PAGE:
SInce we founded The Lab, we have been searching for a foundational project to establish the core software of The Lab. When we were writing the US National Smart Grid Roadmap, I would regularly state that in the future, every building must consider itself a microgrid. This thinking was fundamental to the paper “Understanding Microgrids as the Essential Architecture of Smart Energy”, which has been re-published around the world and been used as a guide in developing nations.
But it was all too hard, and the work of integration was too great. The un-kept promise of Transactive Energy was always moving toward a path of zero-effort integration. Microgrids will not have arrived until I can go to Home Depot in the morning, buy a generator or a storage system, and have it fully integrated into my home microgrid before dinner. As you know, we are a long way away from this.
Fractal microgrids, the integration model described as the “Essential Architecture” were part of this. By limiting the scope of integration to a small set of near peers, the complexity is limited. Any group of local microgrids can themselves be organized as a single microgrid, without any of them exposing their internal operations or control systems. This model supports both privacy and cybersecurity. In the same manner, and microgrid can be divided into a constituent set of member microgrids, each self-operating, and each invisible outside the containing microgrid.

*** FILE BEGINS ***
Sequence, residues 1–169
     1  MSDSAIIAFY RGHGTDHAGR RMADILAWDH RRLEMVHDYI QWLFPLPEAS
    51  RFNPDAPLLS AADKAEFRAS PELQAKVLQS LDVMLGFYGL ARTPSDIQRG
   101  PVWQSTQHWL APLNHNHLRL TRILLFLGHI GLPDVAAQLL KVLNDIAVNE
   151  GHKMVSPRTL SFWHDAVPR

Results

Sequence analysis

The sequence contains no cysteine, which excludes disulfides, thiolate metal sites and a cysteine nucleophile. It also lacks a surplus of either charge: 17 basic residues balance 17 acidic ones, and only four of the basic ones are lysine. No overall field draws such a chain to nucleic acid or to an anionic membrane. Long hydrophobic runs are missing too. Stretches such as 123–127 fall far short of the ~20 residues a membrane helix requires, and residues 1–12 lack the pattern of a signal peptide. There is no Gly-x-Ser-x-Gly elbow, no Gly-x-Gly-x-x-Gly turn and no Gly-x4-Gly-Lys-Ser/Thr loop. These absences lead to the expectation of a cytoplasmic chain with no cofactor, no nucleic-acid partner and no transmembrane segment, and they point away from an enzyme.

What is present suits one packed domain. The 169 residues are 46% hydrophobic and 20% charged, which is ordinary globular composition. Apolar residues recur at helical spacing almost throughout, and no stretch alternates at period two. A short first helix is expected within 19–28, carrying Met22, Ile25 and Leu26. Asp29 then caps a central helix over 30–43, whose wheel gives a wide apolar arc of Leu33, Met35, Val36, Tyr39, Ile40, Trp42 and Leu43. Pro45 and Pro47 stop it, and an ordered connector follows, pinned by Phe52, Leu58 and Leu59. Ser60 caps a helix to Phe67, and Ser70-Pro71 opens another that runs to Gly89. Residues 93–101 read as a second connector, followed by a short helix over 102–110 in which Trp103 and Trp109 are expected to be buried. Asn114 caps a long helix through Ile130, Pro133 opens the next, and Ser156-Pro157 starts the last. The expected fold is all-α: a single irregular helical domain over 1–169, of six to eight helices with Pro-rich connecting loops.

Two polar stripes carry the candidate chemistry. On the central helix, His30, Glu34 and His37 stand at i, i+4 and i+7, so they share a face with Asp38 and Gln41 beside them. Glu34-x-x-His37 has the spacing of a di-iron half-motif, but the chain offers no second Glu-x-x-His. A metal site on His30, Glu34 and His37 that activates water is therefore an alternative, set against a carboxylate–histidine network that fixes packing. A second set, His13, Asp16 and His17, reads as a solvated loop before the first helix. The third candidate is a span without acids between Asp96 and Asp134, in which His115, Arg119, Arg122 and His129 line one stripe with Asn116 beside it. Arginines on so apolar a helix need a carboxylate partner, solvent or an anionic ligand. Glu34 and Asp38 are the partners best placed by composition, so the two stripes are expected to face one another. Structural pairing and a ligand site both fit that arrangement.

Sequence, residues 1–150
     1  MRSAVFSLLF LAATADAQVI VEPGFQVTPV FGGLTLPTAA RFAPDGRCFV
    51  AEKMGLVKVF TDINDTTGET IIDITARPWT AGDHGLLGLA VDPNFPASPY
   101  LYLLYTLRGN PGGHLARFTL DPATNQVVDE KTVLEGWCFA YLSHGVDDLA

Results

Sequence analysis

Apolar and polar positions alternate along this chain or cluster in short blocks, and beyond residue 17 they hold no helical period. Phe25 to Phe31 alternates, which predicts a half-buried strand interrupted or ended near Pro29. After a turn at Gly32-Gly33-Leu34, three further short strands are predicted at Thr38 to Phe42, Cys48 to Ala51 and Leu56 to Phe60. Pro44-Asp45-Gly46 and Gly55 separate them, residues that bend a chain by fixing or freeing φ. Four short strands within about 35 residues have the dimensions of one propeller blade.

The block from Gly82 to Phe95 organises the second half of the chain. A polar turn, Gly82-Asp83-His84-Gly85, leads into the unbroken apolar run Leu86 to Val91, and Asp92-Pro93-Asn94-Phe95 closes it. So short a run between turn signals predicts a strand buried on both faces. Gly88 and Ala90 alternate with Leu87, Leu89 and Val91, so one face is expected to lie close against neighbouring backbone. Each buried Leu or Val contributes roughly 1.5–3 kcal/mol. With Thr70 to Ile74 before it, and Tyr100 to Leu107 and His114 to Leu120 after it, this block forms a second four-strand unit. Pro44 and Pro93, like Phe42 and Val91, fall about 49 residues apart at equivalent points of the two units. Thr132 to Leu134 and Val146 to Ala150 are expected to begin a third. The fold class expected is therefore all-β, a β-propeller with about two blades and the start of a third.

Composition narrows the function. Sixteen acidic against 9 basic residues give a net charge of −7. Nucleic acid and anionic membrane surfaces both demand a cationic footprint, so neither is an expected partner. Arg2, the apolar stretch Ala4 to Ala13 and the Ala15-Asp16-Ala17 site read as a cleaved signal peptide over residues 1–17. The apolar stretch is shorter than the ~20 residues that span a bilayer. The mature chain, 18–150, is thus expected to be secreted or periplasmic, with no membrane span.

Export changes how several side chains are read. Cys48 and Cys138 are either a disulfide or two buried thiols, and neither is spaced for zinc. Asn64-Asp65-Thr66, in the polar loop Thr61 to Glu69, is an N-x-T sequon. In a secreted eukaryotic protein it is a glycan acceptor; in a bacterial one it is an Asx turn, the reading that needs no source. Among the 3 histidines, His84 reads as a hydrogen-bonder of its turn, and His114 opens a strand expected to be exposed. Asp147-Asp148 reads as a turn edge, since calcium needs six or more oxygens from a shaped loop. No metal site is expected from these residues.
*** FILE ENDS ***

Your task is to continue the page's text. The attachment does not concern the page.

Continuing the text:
It has still been too hard, and too slow.
The NIST CTS Agents project looks to change that. After decades of calling for an ill-defined “Internet of Energy”, it is still not here. The actual internet, though, arrived with the delivery of two open source software projects, the Apache Web Server and the Mosaic Web Browser. Suddenly everyone was able to build web sites that everyone could get to. Suddenly everyone could get to whatever web site they wanted, and interact with it.
This project is aimed to produce both Open Source Transactive Energy Market Platforms, and Open Source Transactive Energy Agents. Every Agent can both buy and sell on the Market Platform. We are using modular design to enable local systems that use, store, or generate power to plug into the Transactive Energy Agents using open standards (derived from ASHRAE/ANSI/NEMA 200, also referred to internationally as ISO17800). Every Marketplace can be fitted with a Transactive Energy Agent to enable it to participate in larger microgrids run by larger markets. As one Navy officer said, this model brings logistics to electric power.
There have been such projects before, but they have been proprietary. This one is based on open standards. It is designed for a modular ledger, so the market can be based locally, or using any cryptocurrency that seems correct, or even run on CME systems. Many open sourced energy projects have used Academic licenses that restrict re-use in commercial products. This one uses the Apache 2.0 license, which means the Actor Shell can be fitted to a proprietary hardware product, and be able to be represented by a Transactive Energy Agent talking to a microgrid-specific market on an open platform.
What will it be like when Energy Management Systems, Energy Storage Systems, and Energy Generation Systems become plug and play?
You can watch the progress of the project in The Lab’s github: https://github.com/EnergyMashupLab/NIST-CTS-Agents